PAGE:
Blogs in this series

Life in Culebrón is personal view of Spain and Spanish life as seen by a Briton living in a small village in Alicante province.
The other tabs link to similar blogs when I have lived in other places. The TIM magazine is an English language magazine I write articles for.

Tuesday, February 03, 2015

Strange and bizarre

We'd popped in to town to do some exciting jobs - buy screen wash was one of them. I was also going to bank some money. Take note of the opening sentences and be warned now that this blog is not going to be the usual emotional roller coaster ride of an entry.

My phone rang when I was in the bank queue. It was our next door neighbour to say that Iberdrola, the electricity supply people, wanted to get into our garden. You will remember I talked to Iberdrola about moving some supply cables that were either menacing or being menaced by our palm tree. Nothing has happened for months. The discussion that I'd had with some Iberdrola employed tree trimmers had suggested that we were talking thousands of euros if we got the cables re-routed and I'd quietly let the whole thing slide.

We hurried back from town. I feared the worst. I could imagine the euros flowing out of that bank account to pay for new cables, new installations and a new meter. The three blokes said they wanted access to our garden. The three blokes said they were replacing the uninsulated supply to our house, and those of our neighbours, with a beefier insulated cable. There was no mention of the palm tree, there was no mention of me having asked for the work. So far as I could tell, and I didn't want to ask too many questions, it is a simple, routine upgrade of cables that haven't been changed for thirty or forty years.

We left them to it, in fact I couldn't get away fast enough. When we came back, they had happpily run the new cable through the palm tree branches and left enough slack in the wire for it to be able to deal with a bit of a pumelling from a palm tree thrashing around in the breeze. They are coming back tomorrow to connect it all up. How strange. Provided that there are no last minute hitches it looks as though our palm tree has just been saved and our electricity supply ensured.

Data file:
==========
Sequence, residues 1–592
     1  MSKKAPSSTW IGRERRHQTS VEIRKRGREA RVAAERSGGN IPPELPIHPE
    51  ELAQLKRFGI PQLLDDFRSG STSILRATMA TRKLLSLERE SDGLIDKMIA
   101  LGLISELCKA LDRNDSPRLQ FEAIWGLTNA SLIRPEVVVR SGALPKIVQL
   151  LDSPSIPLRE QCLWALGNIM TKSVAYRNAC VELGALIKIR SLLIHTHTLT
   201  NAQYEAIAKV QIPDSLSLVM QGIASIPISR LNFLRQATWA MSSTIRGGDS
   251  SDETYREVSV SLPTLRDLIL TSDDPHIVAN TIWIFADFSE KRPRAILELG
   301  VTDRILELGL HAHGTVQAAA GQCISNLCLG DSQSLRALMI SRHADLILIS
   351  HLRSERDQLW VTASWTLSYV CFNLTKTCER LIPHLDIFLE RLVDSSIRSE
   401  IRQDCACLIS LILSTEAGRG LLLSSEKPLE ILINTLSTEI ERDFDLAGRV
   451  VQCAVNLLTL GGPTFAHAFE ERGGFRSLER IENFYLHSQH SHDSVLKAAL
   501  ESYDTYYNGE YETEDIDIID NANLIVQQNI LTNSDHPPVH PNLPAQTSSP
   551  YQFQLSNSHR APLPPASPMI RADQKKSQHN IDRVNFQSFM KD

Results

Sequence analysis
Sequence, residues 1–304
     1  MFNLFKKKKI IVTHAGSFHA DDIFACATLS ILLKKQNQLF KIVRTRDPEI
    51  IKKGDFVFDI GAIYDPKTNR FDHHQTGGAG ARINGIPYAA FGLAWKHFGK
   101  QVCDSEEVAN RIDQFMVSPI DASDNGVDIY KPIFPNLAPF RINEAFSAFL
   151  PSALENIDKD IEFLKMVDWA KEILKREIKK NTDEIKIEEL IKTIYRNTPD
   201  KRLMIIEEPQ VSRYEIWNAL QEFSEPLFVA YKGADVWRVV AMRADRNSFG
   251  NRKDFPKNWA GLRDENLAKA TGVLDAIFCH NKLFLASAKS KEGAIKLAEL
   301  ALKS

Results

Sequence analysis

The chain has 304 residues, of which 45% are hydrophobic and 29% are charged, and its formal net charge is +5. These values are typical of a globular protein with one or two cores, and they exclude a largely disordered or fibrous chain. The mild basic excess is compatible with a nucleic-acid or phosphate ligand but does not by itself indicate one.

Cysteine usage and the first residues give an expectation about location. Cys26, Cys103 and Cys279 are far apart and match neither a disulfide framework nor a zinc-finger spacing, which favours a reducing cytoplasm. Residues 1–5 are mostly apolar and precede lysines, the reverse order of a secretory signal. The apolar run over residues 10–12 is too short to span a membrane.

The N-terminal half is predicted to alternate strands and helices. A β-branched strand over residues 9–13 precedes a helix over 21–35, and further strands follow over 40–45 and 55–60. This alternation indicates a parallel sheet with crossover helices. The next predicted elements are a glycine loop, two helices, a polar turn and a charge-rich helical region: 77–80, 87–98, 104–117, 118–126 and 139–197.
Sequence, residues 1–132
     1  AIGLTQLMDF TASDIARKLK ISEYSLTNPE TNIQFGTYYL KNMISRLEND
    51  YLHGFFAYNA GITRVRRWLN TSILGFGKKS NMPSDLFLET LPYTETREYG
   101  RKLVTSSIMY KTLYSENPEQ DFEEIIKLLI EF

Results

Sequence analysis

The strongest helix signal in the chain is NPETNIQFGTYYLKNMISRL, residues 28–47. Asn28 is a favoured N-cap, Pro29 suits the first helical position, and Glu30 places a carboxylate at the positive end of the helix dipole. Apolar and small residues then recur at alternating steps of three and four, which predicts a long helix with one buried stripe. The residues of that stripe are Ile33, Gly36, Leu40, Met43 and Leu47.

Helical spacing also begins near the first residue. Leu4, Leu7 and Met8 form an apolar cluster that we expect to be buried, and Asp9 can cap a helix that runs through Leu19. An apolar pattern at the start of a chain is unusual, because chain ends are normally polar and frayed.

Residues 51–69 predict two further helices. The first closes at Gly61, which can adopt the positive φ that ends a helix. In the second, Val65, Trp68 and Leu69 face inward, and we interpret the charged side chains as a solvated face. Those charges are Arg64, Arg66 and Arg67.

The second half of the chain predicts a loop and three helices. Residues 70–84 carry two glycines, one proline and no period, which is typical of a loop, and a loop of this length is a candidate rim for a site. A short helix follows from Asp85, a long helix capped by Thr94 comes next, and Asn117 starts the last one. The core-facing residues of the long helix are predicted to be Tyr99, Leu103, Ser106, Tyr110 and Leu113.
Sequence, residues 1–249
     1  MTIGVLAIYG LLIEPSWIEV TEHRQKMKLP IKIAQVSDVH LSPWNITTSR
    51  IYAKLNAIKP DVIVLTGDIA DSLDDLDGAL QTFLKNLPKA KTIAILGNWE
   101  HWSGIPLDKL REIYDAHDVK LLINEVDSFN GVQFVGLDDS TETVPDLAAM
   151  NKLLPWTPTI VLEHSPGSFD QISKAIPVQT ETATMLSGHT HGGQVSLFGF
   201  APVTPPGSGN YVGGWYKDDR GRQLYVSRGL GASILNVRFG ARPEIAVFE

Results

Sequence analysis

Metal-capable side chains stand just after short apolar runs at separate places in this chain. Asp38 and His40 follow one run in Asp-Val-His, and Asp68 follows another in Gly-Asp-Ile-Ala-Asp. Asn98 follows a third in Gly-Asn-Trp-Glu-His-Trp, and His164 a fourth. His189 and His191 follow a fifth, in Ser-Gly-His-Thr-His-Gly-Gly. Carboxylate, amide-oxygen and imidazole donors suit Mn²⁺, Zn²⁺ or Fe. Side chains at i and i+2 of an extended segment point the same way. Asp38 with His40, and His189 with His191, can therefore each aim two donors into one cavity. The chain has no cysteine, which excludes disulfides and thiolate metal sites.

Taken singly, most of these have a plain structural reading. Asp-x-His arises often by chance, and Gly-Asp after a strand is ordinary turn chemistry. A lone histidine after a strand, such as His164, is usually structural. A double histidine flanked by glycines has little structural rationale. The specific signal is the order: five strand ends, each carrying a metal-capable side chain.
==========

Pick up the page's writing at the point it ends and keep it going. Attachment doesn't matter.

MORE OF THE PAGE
I went back to the bank. As I've said in an earlier post I've been driving to the nearest branch of my bank to pay in cash at the start of each of the last few months. Last month though I read an article about the huge differences in fees charged by the different banks. It seemed that a bank with an office in Pinoso would only charge me 2€ in transaction fees. That seemed a lot better deal than driving 30kms to stand in a long queue to pay the cash in at my own bank. It was a short queue in Pinoso but the man wouldn't take my money. He said I couldn't pay the money in to another bank from their office. I was amazed. I explained that I understood there was a fee. No it's just not possible said the man. Why don't you go to the Santander office around the corner?

Now it is true that there's an office in Pinoso that has a Santander Bank sign outside. I'd tried to do some form of banking there a couple of years ago without success. The chap behind the counter told me they only sold financial products and did not offer banking services. Today I poked my head around the door of the empty office but for the man at his desk playing some sort of game on his phone. "Can I pay money in to a Santander account here?," I asked. "You can indeed," he replied. I was pleasantly surprised and handed over a piece of paper with my 20 figure account number on it. "Ah, it's an old Banesto account," he said, "I can't pay into that." I asked him if it were possible to pay into the account from other banks. "No, you have to go to a Santander branch, an old Banesto branch," he said.

Now Banesto had been largely owned by the Santander Bank since the early 90s though both banks continued to have a high street presence till 2012. It was then that the Santander bought up the last of the Banesto shares and combined the two entities closing down various branches of both. The Banesto logos disappeared. Later the websites, account names and everything else took on the Santander name and look. Everywhere that is but for the office in Pinoso where the division was still alive and well. I have to give the man his due he did try to access my account but his computer said no and that was the end of it,

How bizarre. A banking system which won't, apparently, let you pay money in except under very strict conditions. I don't understand. I've done it in the past. It seems crazy if it is no longer possible.

I drove to Monóvar and paid the money in there. "Oh," I asked the teller as I was about to leave, "Can I pay into this account from other banks?" "Course you can," he said. "They usually charge you to do it though."

Aaargh!!

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